The existence of a contract is primarily a question of fact to be determined by the trier of fact based on the evidence. Malmin v. Grabner, 282 Minn. 82, 86, 163 N.W.2d 39, 41 (1968). A binding contract is formed if there is an offer, an acceptance, and consideration. Cederstrand v. Lutheran Bhd., 263 Minn. 520, 529-32, 117 N.W.2d 213, 219-21 (1962). An offer must be reasonably definite in form and must be communicated. Pine River State Bank v. Mettille, 333 N.W.2d 622, 626 (Minn. 1983). Before a binding contract will result, an acceptance must assent to the exact terms of the offer. Markmann v. H.A. Bruntjen Co., 249 Minn. 281, 286, 81 N.W.2d 858, 862 (1957). If a response to an offer varies the terms of the offer, the response becomes a counteroffer, which in turn must be accepted before a binding contract will result. See Podany v. Erickson, 235 Minn. 36, 38, 49 N.W.2d 193, 194 (1951).
The district court found that the parties' writings, words and conduct constituted offers, counteroffers and acceptance of the counteroffers resulting in binding contracts. The evidence supports the court's findings and conclusions.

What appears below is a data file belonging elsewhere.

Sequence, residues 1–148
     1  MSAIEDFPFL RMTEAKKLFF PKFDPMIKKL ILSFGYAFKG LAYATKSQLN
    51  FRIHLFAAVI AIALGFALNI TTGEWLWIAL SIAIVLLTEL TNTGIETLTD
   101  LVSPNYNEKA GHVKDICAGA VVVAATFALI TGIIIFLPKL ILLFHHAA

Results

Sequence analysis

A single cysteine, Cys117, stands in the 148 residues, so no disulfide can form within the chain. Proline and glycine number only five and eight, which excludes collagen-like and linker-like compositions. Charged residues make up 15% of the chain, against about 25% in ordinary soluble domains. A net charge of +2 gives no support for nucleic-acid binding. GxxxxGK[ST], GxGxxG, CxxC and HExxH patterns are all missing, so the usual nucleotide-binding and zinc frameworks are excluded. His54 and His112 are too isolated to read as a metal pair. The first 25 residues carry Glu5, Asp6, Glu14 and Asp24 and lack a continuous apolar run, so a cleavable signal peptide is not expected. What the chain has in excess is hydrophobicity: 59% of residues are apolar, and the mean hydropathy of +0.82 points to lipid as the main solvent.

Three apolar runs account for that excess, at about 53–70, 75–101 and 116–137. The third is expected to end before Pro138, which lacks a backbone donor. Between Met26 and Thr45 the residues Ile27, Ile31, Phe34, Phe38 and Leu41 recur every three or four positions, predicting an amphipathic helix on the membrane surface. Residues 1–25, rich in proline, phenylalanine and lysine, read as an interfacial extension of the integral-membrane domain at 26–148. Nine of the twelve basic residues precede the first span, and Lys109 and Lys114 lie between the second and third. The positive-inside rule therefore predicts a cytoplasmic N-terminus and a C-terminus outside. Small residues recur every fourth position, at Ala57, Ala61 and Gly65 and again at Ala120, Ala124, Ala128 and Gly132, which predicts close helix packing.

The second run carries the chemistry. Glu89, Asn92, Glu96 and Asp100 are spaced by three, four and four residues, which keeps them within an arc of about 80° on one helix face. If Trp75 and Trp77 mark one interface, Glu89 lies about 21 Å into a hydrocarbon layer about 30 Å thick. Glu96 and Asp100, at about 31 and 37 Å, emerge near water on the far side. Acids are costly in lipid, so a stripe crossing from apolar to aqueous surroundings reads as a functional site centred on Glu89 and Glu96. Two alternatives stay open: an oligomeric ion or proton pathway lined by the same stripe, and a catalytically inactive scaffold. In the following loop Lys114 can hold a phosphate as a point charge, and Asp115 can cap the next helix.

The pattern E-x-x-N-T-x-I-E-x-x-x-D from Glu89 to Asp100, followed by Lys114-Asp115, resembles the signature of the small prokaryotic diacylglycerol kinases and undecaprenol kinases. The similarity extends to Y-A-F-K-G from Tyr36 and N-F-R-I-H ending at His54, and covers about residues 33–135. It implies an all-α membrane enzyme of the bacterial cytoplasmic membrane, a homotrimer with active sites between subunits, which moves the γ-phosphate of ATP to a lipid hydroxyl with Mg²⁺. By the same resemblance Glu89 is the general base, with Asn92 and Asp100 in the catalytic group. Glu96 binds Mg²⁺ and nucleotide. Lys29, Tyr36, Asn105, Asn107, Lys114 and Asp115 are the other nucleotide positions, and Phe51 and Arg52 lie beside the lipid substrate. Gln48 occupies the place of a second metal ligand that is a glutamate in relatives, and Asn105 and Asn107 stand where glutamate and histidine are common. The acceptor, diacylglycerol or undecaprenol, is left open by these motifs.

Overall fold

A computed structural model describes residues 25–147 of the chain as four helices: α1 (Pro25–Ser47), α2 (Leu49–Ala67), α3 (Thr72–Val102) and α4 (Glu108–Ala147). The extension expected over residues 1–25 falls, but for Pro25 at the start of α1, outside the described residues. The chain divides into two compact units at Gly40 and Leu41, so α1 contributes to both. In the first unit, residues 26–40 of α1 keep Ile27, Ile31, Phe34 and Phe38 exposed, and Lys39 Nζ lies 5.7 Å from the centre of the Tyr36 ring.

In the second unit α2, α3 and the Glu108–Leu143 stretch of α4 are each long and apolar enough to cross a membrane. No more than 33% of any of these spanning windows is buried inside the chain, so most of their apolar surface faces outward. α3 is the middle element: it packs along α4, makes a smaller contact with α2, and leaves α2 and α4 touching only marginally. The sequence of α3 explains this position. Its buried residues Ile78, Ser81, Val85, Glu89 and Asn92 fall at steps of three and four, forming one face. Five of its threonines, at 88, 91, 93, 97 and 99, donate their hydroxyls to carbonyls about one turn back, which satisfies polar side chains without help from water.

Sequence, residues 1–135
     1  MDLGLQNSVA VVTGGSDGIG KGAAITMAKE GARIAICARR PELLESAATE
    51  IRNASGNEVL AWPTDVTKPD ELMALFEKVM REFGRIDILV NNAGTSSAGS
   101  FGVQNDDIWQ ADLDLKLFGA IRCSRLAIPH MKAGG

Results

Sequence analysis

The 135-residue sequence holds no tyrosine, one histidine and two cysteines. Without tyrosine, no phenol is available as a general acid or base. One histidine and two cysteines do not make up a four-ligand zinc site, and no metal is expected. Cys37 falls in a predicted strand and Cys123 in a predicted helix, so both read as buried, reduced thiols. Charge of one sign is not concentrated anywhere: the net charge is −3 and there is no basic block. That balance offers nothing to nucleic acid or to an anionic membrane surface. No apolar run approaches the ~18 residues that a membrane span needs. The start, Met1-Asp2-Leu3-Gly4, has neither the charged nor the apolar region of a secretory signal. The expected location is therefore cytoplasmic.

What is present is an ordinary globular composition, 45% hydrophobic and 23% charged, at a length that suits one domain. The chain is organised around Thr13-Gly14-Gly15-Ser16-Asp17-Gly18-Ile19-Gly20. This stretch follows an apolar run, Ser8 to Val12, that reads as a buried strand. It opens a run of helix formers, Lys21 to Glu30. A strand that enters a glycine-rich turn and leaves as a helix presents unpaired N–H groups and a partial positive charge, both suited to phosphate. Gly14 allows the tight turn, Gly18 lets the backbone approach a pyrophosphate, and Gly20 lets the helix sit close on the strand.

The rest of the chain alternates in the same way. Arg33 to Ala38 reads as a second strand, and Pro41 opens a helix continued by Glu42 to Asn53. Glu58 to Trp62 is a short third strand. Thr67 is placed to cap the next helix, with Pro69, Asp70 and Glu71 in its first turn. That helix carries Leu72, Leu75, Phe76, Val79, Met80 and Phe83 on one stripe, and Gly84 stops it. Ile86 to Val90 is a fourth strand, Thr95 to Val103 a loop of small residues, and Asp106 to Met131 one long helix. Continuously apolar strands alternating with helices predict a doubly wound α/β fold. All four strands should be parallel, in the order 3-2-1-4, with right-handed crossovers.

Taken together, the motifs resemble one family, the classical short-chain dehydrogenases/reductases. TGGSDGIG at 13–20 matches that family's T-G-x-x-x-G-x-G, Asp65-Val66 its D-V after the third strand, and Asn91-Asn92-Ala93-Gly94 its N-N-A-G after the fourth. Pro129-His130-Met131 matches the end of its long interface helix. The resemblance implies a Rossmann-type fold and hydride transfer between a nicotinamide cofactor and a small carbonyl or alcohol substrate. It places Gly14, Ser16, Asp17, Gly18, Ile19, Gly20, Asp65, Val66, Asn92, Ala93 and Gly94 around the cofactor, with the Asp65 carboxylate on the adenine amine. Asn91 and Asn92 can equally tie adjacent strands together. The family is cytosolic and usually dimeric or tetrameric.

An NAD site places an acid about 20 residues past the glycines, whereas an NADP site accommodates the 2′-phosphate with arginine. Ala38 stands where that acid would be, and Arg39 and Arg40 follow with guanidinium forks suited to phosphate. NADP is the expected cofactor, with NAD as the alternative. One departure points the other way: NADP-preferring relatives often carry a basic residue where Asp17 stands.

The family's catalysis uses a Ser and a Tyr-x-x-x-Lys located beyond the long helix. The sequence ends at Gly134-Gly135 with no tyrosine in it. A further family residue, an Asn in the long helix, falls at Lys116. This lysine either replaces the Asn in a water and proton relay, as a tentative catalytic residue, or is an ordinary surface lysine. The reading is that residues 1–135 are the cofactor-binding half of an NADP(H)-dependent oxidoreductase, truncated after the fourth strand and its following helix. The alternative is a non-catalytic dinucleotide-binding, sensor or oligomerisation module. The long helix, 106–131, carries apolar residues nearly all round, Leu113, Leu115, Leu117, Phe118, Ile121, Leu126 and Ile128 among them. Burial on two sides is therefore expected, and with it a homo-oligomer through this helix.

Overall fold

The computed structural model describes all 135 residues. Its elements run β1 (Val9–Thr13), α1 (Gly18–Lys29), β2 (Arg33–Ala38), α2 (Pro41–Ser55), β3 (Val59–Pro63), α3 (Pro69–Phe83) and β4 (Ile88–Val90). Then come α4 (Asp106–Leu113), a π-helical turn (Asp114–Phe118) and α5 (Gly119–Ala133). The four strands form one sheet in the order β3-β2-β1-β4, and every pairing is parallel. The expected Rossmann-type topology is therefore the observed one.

Respondent argues that the requirement of a downpayment in each proposal was a condition precedent to the formation of binding contracts. The district court rejected the argument. The evidence supports the proposition that the parties manifested their intent to form contracts even without contemporaneous downpayments. Appellant signed the modified proposals and prepared and delivered the "clean copy" despite not having received any downpayment. The parties negotiated a revised payment schedule which included a modification of the downpayment terms. In discussions between appellant and the church member regarding respondent's delay in making the downpayments, the church member gave assurances that there was no problem with the contracts and that checks would be issued. Thus, the evidence shows that the parties treated the downpayment as a performance term rather than a condition precedent. A condition precedent must be satisfied before a binding contract arises. See Lake Co. v. Molan, 269 Minn. 490, 498, 131 N.W.2d 734, 740 (1964). The district court did not err in finding that the parties intended the downpayments to be part of the payment terms of the contracts rather than conditions precedent to the formation of the contracts.